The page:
Blog of Veikko M.O.T. Nyfors, Hybrid Quantum ICT consultant

Quantum Mechanics demystified, a try

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Schrödinger’s Equation

What does it mean when they say Schrödinger’s Equation


would describe status and dynamics of a quantum system?

That’s a mystery for me. As it is for most of the people. That’s why this article is present at Quantum Mysteries category.

It’s a differential equation

In short, this is a differential equation, for which the solution, $\Psi$, is to be found. Once found, it can be used to predict whereabouts of the system over time.

In there:
$\hat{H}$ is hamiltonian operator, which describes total energy levels of the system under investigation.
\(i\) is imaginary unit (i.e. \(\sqrt{-1}\))
\(h\) is reduced Planck’s constant
\(\frac{∂\Psi}{∂t}\) is first derivate of $\Psi$ (a.k.a. $\Psi’$)
\(\Psi\) is the function to be solved

Solving it gives wave function

Differential equations are hard or even impossible to solve analytically. This is especially true for Schrödinger equation with a quantum system anything larger than a couple of measurables.
Thus wave function is commonly solved using numerical methods with computers.

Once you have wave function available, you can get status of the quantum system out of it.

State vector describes system’s state at specific spot

Sometimes \(\Psi\) is written in ket notation \(\vert\Psi\rangle\).


Which is a bit misleading to my taste.
You see, \(\vert\Psi\rangle\) represents a column vector. I have it hard to imagine how a column vector could be a solution to Schödinger equation. Solution has to be a function, not a vector, which is not a function at all!

Instead, ket \(\vert\Psi\rangle\) gives the state of the system at specific spot and is called the state vector. You get \(\vert\Psi\rangle\) by assigning values of the specific spot to \(\Psi\).

What’s the spot then. Depends on your system. Often quantum systems are dependent on time and 3D location, in which case we can say \(\Psi(t_i, x_j, y_k, z_l) = \vert\Psi\rangle\) at specific time \(t_i\) and 3D location \(\{x_j, y_k, z_l\}\)

\(\vert\Psi\rangle\) has then an element with an imaginary value for each possible permutation of all measurables with all their possible values. Each element gives probability amplitude of the combination in question. By taking a conjugate square of it one gets the probability of the system being in this state when observed.

Easy to say, hard to lay ;) Preparing a simple sample . . .

Let’s start with an easy system of one measurable.

We have a system with two four sided dices. Each dice, when thrown, give a digit from 1 to 4. Our only measurable in this system is the sum of the two digits.
The sum can be from 2 to 8. Probabilities for each of the sums: 2 - 1/16, 3 - 2/16, 4 - 3/16, 5 - 4/16, 6 - 3/16, 7 - 2/16, 8 1/16.

As there is 7 possible outcomes after measurement (2, 3, 4, 5, 6, 7 or 8), and only one measurable, our state vector has 7 items, one for each of the sums.
Each item gives probability amplitude for measuring the sum in question, probability amplitudes being usually imaginary numbers. Taking the absolute square of this number then gives the probability of the measurement ending up in this state.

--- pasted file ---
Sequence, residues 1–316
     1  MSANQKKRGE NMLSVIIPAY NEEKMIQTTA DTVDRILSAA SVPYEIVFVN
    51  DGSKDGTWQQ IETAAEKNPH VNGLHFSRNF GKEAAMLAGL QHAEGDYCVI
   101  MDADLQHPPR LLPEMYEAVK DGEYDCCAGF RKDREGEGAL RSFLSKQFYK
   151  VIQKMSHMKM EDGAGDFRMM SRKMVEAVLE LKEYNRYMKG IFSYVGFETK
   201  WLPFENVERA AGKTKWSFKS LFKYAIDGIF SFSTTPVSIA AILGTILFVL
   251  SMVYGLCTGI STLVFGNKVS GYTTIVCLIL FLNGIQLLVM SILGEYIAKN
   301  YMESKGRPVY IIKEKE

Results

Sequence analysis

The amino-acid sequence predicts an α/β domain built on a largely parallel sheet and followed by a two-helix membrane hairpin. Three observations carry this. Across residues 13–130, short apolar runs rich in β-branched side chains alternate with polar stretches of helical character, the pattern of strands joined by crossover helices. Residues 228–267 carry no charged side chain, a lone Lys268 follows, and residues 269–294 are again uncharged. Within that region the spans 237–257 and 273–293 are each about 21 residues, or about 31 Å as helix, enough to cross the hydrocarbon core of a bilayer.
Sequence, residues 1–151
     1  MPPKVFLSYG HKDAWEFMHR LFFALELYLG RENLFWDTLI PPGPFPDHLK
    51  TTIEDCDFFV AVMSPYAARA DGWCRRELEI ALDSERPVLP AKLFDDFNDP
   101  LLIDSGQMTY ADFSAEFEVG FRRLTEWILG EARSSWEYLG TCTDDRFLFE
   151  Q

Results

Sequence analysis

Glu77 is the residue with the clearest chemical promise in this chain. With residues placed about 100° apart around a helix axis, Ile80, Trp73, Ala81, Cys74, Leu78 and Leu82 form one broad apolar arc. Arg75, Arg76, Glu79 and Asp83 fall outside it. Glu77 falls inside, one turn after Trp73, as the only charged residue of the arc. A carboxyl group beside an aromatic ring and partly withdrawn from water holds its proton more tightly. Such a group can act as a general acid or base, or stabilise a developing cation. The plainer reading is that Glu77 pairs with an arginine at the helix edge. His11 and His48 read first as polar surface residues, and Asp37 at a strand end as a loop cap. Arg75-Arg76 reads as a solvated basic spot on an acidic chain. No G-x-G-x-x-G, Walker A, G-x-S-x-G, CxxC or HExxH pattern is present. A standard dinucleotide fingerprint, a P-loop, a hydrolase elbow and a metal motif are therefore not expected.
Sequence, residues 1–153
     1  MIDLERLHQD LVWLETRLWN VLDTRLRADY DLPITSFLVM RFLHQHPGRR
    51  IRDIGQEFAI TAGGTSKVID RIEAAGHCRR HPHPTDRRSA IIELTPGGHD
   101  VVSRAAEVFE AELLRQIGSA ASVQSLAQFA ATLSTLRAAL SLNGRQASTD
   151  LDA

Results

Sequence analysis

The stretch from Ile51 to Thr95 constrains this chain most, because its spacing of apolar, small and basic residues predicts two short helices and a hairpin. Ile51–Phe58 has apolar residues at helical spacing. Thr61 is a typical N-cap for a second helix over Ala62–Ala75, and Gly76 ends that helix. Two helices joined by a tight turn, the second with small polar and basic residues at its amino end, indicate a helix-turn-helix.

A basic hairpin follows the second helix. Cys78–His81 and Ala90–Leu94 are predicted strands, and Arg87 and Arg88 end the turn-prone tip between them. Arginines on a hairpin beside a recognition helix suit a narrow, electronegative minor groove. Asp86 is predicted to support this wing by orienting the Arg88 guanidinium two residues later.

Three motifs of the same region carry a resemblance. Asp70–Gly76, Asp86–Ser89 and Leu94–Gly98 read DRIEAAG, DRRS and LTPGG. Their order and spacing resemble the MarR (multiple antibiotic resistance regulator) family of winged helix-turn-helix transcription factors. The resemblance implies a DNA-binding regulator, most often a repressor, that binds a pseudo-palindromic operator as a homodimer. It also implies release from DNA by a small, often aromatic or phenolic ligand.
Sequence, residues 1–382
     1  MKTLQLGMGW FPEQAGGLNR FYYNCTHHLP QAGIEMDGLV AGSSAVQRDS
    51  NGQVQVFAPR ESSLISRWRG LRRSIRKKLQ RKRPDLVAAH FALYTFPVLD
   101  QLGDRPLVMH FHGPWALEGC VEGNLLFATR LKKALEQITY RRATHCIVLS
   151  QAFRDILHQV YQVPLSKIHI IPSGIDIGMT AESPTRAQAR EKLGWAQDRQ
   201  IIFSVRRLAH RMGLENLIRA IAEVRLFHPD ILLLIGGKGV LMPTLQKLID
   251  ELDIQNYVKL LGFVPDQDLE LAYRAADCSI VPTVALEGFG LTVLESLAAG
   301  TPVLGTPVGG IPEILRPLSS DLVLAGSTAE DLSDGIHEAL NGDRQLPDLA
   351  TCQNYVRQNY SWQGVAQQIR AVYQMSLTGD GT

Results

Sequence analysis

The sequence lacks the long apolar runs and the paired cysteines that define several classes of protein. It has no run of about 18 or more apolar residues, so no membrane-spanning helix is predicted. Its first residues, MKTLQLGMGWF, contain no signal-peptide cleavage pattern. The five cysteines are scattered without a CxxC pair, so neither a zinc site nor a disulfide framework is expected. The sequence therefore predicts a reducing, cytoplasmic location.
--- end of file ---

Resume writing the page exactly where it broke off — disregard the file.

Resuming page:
Absolute square for an imaginary number is the number multiplied by its complex conjugate. Like \(\left| a + bi \right|^2 = (a+bi)*(a-bi) = a^2+b^2\)

In our sample here, the probability of the first outcome, 1/16, would be given by probability amplitude of \(1/4 + 0i\). Also \(1/\sqrt{32} + 1/\sqrt{32}i\) would fulfill the condition, as would all imaginary numbers on a imaginary plane circle with radius of 1/16. But for simplicity we deal this with ordinary real numbers.

So, we need a vector with 7 items. Taking absolute square of each should give the probability for measuring that sum. Thus our state vector would look like this

\[\begin{pmatrix} 1/4 \\ \frac{\sqrt{2}}{4}\\ \frac{\sqrt{3}}{4}\\ 2/4\\ \frac{\sqrt{3}}{4}\\ \frac{\sqrt{2}}{4}\\ 1/4 \end{pmatrix}\]

This simple dice sample is time independent, i.e. each and every throw has the same propability vector. But if we would have it somehow manipulated in such a way, that probability density would vary between rounds, we would have a varying state vectors for varying rounds. Our sample would become ‘round-dependent’, time-dependent in a way.
Our wave function would also be ‘round-dependent’ \(\Psi(i)\), where i stands for the round. Round specific solution would be round-specific state vector \(\Psi(i) = \vert\Psi_i\rangle\)

Sample with two measurables.

This will be a bit harder.
We have a six digit dice and a two coins in our sample system. Measurables are digit from dice and heads or tails from the two coins summed up, head being 0 and tail being 1. Latter comes with 3 degrees of freedom: 0, 1 or 2. There are 18 possibilities the state can end up being when measured (i.e. after throw). Thus state vector is 18 items long.
Carrying on with probabilities in some time. . .

Hamiltonian operator

Hamiltonian operator is a square matrix giving energy and status for possible state transitions.
If there is N quantum states to deal with, $\hat{H}$ operator is a NxN matrix. Each entry describes energy and dynamics between specific pair of states. E.g. \(\hat{H}_{ij}\) describes interaction from state i to state j and will be applied on \(\Psi_j\), i.e. the function describing jth state: \(\hat{H}_{ij}\cdot\Psi_j\)

Other forms of Schrödinger equation

\[i\hbar\frac{\partial}{\partial t} \Psi(\mathbf{r},t) = \left [ -\frac{\hbar^2}{2\mu}\nabla^2 + V(\mathbf{r},t) \right ] \Psi(\mathbf{r},t)\] \[\nabla^2 \Psi(x,y,z,t) -\dfrac{1}{c^2}\dfrac{\partial ^2 \Psi(x,y,z,t) }{\partial t^2}=0\]

Relation of wave function and state vector

\[|\psi\rangle = \int d^3r\;\psi(\mathbf{r})|\mathbf{r}\rangle\] \[\psi(\mathbf{r})=\langle\mathbf{r}|\psi\rangle\]